Rimfire cartridges were first introduced in 1845 with the Flobert .22 BB Cap, over the years rimfire cartridges expanded to include the most prolific firearm cartridge on the market today, the .22 Long Rifle.
The .22 Long Rifle (.22LR) was introduced in 1887, by the Stevens Arms Company. This cartridge has been used by countless shooters for everything from plinking to target shooting, vermin control and even self defense. The advantages of the .22 LR are its’ mild recoil and noise, along with good accuracy, low cost and availability.
The .22 long is a shorter version of the .22 LR that has a 29 grain bullet and is made by only a few manufacturers at this time. The .22 long was popular around the turn of the 20th century with many pistols and rifles chambered in it. The advantages are the same as the .22 LR with the exception of availability.
The .22 short is the shortest and oldest of the .22 rimfire cartridges. It was developed in 1857 for the first Smith and Wesson revolver, the .22 rimfire was the first American metallic cartridge. Originally designed for a black powder load of 4 grains over a 29 grain bullet, the .22 short was designed to be used in small pocket pistols as a discreet self defense weapon.
The .17 HMR is a popular new cartridge that was introduced in 2002 as a result of a collaboration between Hornady, Ruger and Marlin. They used a .22 magnum case and necked it down to accept a .172 bullet. The original cartridge used a bullet that weighed in at a mere 17 grains and a charge that gave it an average velocity of 2550 feet per second. Currently the .17 HMR can be found in 15 to 20 grain weight bullets that will travel in the 2300 fps or faster range. The most impressive aspect of the .17 HMR is the accuracy; it is not uncommon for sub one inch groups at one hundred yards to be fired with off the shelf .17 HMR rifles.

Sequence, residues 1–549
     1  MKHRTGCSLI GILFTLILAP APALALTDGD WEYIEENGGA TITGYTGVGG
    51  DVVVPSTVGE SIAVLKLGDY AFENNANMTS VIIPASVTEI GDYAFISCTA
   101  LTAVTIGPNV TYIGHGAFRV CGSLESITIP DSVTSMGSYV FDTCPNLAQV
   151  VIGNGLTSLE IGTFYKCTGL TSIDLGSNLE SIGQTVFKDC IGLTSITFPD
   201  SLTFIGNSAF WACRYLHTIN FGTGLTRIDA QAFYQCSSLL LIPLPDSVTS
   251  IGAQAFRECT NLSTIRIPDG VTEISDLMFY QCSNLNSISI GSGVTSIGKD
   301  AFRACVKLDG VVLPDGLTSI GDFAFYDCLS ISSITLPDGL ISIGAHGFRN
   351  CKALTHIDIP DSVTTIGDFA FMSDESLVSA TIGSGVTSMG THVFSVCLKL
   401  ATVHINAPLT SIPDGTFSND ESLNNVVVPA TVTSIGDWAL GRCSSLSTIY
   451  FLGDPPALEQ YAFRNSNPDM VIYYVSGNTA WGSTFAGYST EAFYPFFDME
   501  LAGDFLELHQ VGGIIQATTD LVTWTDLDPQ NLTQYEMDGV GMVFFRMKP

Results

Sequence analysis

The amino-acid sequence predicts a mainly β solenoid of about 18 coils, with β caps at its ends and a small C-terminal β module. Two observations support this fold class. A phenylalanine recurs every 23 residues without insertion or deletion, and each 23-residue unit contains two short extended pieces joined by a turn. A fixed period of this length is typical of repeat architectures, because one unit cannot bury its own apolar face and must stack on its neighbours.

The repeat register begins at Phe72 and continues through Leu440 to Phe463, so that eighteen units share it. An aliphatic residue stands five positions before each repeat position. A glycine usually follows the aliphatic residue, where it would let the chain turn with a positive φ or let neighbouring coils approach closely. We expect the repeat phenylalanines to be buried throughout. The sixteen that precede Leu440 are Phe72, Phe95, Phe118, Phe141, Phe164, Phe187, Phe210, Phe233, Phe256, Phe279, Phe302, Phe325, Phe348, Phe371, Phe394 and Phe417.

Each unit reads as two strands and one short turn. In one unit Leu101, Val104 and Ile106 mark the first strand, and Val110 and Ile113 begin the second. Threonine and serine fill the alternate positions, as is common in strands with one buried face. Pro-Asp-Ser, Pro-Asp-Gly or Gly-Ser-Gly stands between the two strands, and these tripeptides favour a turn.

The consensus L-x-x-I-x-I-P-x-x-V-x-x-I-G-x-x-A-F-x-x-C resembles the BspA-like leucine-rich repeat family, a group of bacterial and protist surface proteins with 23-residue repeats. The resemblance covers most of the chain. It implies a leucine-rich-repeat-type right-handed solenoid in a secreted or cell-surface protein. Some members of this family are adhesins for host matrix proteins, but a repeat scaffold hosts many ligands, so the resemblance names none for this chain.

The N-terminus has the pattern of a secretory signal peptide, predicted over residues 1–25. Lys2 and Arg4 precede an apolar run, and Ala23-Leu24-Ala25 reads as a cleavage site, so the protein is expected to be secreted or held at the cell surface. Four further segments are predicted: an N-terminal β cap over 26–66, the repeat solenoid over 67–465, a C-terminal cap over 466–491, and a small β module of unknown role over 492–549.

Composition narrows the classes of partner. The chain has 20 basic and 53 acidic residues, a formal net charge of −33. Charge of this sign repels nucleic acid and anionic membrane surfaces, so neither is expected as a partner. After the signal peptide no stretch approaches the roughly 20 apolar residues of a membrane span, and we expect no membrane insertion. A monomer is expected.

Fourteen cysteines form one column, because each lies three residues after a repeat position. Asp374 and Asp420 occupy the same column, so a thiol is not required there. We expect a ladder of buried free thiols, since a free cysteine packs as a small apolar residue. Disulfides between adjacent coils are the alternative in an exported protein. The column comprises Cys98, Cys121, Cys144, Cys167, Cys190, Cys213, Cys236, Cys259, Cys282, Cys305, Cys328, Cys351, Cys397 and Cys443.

The .17 Hornady Mach 2, or .17 HM2, is a rimfire cartridge introduced in 2004 by the ammunition manufacturer Hornady. The .17 HM2 is formed by necking down .22 Long Rifle case, to .17 caliber and using a 17 grain bullet of 0.172” in diameter. This light weight allows for velocities of up to 2100 fps and an extremely flat shooting projectile that gives the cartridge and effective range of up to 175 yards for target shooting and small vermin.
The .22 Winchester Magnum Rimfire was introduced in 1959 by Winchester; the .22 WMR is effective out to 125 yards on larger sized varmints such as fox or coyote. It fires a .22 caliber, 33 to 40 grain bullet at velocities in the 2000 fps range. In 2011, Hornady released the .22 WMR in their Critical Defense ammo this was in response to the increased demand for high end performance from ammunition in shorter barreled firearms.
The rimfire ammunition available today is the result of years of work and technology that have combined to create ammunition to please almost any shooter. From the casual plinker to the competitive shooter, rimfire ammo is an economical and fun way to spend your shooting time and money!